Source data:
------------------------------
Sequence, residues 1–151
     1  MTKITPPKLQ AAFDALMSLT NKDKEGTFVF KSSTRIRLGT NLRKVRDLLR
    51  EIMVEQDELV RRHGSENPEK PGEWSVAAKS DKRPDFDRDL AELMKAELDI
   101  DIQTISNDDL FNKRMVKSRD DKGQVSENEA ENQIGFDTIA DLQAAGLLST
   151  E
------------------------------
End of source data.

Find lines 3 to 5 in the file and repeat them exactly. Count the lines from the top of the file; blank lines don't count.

    51  EIMVEQDELV RRHGSENPEK PGEWSVAAKS DKRPDFDRDL AELMKAELDI
   101  DIQTISNDDL FNKRMVKSRD DKGQVSENEA ENQIGFDTIA DLQAAGLLST
   151  E